Our results indicate that the responsiveness of NK cells remains plastic once the cells reach maturity and can be reset when the cells are exposed to an environment in which MHC expression differs. Resetting was not dependent on NK cell proliferation. Of note, the results contrast with the finding that sustained blockade of inhibitory receptors in vivo with mAb failed to render NK cells hyporesponsive (Sola et al., 2009; Vahlne et al., 2010). The discrepancy may reflect difficulties in maintaining complete blockade of the inhibitory receptors under these conditions.
In the chimera experiments, donor MHC I–deficient cells induced tolerance to MHC I–deficient cells (e.g., in [(−) into (+)] or [(mix) into (+)] chimeras), whereas in the (−) into (+) adoptive transfers, the NK cells were converted to high responsiveness. The two results may reflect the different assays used, but another possibility is that in the chimeras, a specific population of donor MHC I–deficient stromal cell precursors eventually seeded and repopulated niches in the bone marrow or elsewhere. The donor stromal cells may be specialized for inducing NK cell hyporesponsiveness and/or responsiveness. Donor cell repopulation of stromal niches may not occur in the adoptive transfers either because of the short duration of the transfers or because the relevant cells are rare or absent in the spleen compared with the fetal liver. A dominant role of stromal cells in resetting was consistent with the observation that MHC expression, or not, by donor lymphohematopoietic cells in the resetting experiments had little or no impact on the ultimate responsiveness of cotransferred NK cells (Figs. 1–3). The relevant stromal cells may be nonhematopoietic in origin (although present in fetal liver) or, alternatively, represent a specialized subset of hematopoietic cells.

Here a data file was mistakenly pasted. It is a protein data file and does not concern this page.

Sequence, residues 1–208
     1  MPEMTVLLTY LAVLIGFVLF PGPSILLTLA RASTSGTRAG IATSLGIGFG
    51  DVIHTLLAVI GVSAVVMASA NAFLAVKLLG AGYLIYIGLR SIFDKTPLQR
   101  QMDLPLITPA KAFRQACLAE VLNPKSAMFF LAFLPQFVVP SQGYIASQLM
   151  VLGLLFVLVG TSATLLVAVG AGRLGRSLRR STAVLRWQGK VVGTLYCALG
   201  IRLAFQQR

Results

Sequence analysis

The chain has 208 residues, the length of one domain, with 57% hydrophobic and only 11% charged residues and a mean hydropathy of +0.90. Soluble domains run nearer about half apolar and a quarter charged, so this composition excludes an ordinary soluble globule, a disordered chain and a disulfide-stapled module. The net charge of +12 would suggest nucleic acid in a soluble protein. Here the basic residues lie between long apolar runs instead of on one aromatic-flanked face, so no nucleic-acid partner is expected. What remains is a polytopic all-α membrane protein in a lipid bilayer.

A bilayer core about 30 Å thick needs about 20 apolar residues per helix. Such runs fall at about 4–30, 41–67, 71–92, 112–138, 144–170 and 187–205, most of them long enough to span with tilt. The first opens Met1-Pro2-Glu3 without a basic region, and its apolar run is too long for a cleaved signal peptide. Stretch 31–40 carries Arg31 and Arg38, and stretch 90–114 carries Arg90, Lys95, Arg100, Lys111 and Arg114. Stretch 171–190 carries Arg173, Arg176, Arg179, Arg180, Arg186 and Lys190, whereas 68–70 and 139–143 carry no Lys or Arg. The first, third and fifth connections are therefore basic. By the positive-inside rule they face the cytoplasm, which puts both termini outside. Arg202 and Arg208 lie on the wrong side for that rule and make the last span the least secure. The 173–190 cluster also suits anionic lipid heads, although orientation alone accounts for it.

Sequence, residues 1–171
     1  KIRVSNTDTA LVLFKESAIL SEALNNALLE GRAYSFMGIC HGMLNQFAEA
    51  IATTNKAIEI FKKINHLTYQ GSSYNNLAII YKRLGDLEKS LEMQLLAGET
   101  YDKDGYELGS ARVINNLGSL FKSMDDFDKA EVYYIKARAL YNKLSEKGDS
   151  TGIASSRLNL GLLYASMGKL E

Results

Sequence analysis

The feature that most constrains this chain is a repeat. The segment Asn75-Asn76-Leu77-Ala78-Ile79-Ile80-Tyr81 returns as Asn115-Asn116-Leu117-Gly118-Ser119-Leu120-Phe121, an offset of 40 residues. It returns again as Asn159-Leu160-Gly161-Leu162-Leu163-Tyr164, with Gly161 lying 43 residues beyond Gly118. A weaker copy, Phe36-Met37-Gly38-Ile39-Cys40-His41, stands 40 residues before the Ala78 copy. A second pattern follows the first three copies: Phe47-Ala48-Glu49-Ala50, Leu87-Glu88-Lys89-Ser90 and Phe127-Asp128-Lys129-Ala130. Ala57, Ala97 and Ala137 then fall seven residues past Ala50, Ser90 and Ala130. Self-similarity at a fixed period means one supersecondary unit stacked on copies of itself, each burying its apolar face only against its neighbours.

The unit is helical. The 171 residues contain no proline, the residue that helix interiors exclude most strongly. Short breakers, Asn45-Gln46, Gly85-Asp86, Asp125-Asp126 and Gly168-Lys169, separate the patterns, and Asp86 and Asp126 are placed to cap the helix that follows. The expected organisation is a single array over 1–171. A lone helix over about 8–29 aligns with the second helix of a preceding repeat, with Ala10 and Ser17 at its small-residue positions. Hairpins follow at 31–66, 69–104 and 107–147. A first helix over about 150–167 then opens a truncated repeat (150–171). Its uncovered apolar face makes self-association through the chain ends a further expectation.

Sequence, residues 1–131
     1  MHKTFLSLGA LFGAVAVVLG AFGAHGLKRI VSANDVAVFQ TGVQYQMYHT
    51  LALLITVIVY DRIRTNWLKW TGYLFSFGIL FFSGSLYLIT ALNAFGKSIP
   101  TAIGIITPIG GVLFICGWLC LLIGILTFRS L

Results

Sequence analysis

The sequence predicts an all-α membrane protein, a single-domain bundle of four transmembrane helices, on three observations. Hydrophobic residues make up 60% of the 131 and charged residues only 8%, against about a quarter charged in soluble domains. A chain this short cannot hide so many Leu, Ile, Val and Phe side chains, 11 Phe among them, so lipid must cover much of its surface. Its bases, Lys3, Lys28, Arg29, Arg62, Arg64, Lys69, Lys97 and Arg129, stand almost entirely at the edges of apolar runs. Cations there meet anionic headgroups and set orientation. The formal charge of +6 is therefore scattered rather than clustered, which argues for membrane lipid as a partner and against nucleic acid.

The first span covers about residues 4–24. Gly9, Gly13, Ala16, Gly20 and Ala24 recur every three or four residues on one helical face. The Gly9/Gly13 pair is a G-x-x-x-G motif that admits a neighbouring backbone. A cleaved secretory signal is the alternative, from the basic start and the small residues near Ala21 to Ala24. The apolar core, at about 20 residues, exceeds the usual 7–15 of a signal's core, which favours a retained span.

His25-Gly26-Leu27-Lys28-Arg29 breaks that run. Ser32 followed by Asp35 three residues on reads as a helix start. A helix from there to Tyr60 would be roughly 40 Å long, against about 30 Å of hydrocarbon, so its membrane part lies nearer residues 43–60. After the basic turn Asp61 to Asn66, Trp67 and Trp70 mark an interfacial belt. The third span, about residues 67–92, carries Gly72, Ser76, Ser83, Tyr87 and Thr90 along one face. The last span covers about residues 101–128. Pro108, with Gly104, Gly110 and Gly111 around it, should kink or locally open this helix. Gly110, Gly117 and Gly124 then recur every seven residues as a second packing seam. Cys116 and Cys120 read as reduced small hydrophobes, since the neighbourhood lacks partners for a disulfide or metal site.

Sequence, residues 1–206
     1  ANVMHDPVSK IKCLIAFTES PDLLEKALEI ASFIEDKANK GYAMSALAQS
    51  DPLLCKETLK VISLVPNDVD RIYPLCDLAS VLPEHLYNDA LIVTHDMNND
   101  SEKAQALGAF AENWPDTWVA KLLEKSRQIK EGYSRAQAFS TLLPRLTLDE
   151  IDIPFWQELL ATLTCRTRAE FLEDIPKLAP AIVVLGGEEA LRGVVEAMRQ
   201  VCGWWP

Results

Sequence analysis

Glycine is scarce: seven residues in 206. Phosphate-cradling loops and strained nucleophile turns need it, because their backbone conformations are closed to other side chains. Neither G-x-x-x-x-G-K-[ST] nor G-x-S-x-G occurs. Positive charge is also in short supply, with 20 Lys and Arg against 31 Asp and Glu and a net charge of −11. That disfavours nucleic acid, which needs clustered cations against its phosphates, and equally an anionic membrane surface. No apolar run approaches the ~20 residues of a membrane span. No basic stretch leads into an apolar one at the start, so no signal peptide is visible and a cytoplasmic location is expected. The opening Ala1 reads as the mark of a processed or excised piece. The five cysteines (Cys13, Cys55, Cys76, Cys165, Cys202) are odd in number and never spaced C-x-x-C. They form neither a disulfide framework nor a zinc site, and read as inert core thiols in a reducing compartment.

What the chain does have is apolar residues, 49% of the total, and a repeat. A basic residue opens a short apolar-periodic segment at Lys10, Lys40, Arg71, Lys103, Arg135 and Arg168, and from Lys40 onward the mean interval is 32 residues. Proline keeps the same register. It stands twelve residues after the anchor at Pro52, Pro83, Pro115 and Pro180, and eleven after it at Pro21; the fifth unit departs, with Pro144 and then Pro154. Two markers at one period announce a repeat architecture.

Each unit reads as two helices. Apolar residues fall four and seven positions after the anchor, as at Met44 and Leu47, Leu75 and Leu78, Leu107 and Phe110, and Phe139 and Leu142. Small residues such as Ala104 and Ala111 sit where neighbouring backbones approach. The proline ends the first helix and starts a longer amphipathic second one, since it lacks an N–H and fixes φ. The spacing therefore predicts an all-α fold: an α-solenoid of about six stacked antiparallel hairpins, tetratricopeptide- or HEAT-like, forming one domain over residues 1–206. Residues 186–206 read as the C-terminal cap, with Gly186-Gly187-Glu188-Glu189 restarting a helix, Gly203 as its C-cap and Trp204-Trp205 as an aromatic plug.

In the adoptive transfers, and in some combinations of the chimeras, the responsiveness of donor NK cells was determined by whether the recipient cells expressed MHC I or not, indicating that trans interactions between NK cell inhibitory receptors and MHC molecules on other cells played an important role in determining the responsiveness of NK cells. It remains possible that cis interactions between the inhibitory receptors and MHC molecules in the same NK cell play a role in determining NK responsiveness in other contexts (Chalifour et al., 2009). Indeed, it is possible that two or more independent mechanisms based on different types of interactions, and possibly operative at different stages of the NK cell lifecycle (developing vs. mature cells), work in parallel to ensure NK cell hyporesponsiveness.